Depending upon your starting point this could be running, jogging, swimming, power walking, a couch-to-5k program building up to jogging or power walking the distance. It could be dancing, Zumba, tennis, step aerobics. These are relatively high impact and should be avoided if there is osteoporosis. Lower impact options include treadmill, elliptical machines, step machines, walking.
We shouldn’t be doing cardiovascular exercise to utter exhaustion any more (boo hoo!) Our struggle with the load for one thing, and injuries are likely. In addition, this type of exercise can be interpreted by the body as a fight or flight situation and stress hormones can be raised.
A study of 157 premenopausal women found that walking with long strides three times a week or more had an awesome impact on symptoms. The women slept better, were less irritable, had fewer joint or muscle pains, were more energetic. They also lost weight, especially around their bellies. The study was published in the Journal Menopause in 2014.
We should aim for 4-5 sessions per week of around 45mins duration. For some, like me, this may involve cutting back. For others it may involve building up.
“I don’t have time.” Well, I’m going to be a bit stroppy here. Yes you do (or at least virtually all of us do.) How much TV is watched in the evenings, what do you do with your lunch break, how many dogs would love that time with you, does your alarm clock not have a setting for 45 mins earlier? Once in the habit, it becomes easier.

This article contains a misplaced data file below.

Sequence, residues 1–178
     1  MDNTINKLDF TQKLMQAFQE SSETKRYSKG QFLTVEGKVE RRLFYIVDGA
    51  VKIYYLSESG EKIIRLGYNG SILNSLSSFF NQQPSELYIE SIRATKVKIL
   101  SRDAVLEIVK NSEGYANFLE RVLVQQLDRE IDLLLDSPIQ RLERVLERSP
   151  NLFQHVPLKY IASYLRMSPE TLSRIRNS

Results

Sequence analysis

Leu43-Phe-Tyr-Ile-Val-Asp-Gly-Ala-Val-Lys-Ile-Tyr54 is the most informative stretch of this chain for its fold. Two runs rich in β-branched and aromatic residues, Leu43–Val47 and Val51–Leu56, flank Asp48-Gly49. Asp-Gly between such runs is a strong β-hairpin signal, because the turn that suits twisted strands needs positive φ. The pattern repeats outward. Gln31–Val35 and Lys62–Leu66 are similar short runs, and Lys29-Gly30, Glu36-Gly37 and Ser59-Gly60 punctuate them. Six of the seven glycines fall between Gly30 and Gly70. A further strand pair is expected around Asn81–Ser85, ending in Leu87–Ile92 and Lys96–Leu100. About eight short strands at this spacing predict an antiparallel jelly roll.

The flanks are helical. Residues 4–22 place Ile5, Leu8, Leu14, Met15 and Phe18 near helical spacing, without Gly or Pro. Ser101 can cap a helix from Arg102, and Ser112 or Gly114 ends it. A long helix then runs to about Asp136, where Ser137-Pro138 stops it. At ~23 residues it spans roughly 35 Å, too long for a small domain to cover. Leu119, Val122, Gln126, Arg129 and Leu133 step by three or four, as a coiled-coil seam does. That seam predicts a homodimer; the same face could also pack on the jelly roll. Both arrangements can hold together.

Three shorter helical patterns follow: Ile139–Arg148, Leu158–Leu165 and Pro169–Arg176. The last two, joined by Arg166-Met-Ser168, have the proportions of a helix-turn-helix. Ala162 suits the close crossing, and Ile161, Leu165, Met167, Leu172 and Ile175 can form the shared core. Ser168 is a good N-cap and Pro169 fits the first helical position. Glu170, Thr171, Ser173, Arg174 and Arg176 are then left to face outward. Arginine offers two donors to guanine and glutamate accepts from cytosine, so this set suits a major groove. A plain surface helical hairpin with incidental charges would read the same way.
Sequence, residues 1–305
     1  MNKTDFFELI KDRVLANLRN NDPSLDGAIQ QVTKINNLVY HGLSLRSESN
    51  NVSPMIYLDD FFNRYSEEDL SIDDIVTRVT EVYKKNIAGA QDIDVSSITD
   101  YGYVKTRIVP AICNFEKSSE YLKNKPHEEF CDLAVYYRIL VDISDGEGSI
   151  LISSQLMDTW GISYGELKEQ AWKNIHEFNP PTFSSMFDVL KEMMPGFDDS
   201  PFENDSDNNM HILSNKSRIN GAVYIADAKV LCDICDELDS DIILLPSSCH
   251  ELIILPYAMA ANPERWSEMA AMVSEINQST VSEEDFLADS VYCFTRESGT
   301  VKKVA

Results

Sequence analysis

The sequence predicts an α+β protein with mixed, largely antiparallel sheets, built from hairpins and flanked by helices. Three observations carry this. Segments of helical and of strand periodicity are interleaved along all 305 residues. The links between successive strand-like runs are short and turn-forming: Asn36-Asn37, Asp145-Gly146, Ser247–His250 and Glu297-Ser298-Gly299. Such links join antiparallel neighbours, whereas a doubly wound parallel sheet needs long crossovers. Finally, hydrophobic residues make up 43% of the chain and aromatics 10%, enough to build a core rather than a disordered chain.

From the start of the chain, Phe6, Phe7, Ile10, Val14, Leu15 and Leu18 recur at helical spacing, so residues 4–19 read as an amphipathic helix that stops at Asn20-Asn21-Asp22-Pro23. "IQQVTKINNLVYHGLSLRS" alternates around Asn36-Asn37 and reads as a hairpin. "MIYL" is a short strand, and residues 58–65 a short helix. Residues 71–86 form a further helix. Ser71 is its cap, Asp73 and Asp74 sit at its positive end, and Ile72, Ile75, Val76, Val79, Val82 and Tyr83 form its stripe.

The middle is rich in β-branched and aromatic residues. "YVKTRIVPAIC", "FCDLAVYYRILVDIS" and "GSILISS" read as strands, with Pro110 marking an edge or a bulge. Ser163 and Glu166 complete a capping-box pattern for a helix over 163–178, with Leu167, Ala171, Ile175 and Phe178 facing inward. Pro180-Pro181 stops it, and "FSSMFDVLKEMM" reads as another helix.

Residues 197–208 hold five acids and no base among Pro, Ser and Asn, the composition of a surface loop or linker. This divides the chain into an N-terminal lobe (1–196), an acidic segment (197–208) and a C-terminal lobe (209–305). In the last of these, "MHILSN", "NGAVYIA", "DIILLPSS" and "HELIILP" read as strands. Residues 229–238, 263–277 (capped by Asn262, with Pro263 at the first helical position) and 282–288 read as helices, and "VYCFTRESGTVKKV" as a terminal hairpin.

Weight-bearing exercise to build muscles
This type of exercise can be done with bodyweight, weight training machines, free weights, kettlebells, battle ropes, resistance bands. There is so much information available for free online that it’s impossible to not be able to find something enjoyable, or at least tolerable!
Muscle mass decreases with age and we need to make a concerted effort to preserve it. For one thing, muscle cells consume energy and, for another, stronger muscles will support our joints.
Balance and Co-ordination
Our balance is far more important than people realise. Try standing on one leg, then the other. You probably find it easier on one side than the other. Now try it with your eyes closed!
Activities such as yoga, dance, pilates, tai chi help our balance, co-ordination and are also good for our mental capacity. I am a pretty good runner but if you could see me in my Sunday morning conditioning class where I am expected to do things with my arms and legs at the same time….. it’s mentally tiring!
Whatever type of exercise appeals to you, please, please get active! Numerous other studies demonstrate that many of the changes—both physical and mental—that we associate with aging and menopause are partly the result of inactivity.
There’s no exact prescription and many types of exercise cover cardio, strength and balance all in one session, for example, some circuit training classes.
Hopefully you’ve enjoyed this article and can see how the menopause and exercise go well together.
If you’re lacking inspiration then you might like my favourite exercise guru, Hayley Bailey; check out this lovely lady here
The content of this post is not intended to replace medical advice. Before embarking on a new exercise program, check with a medical practitioner.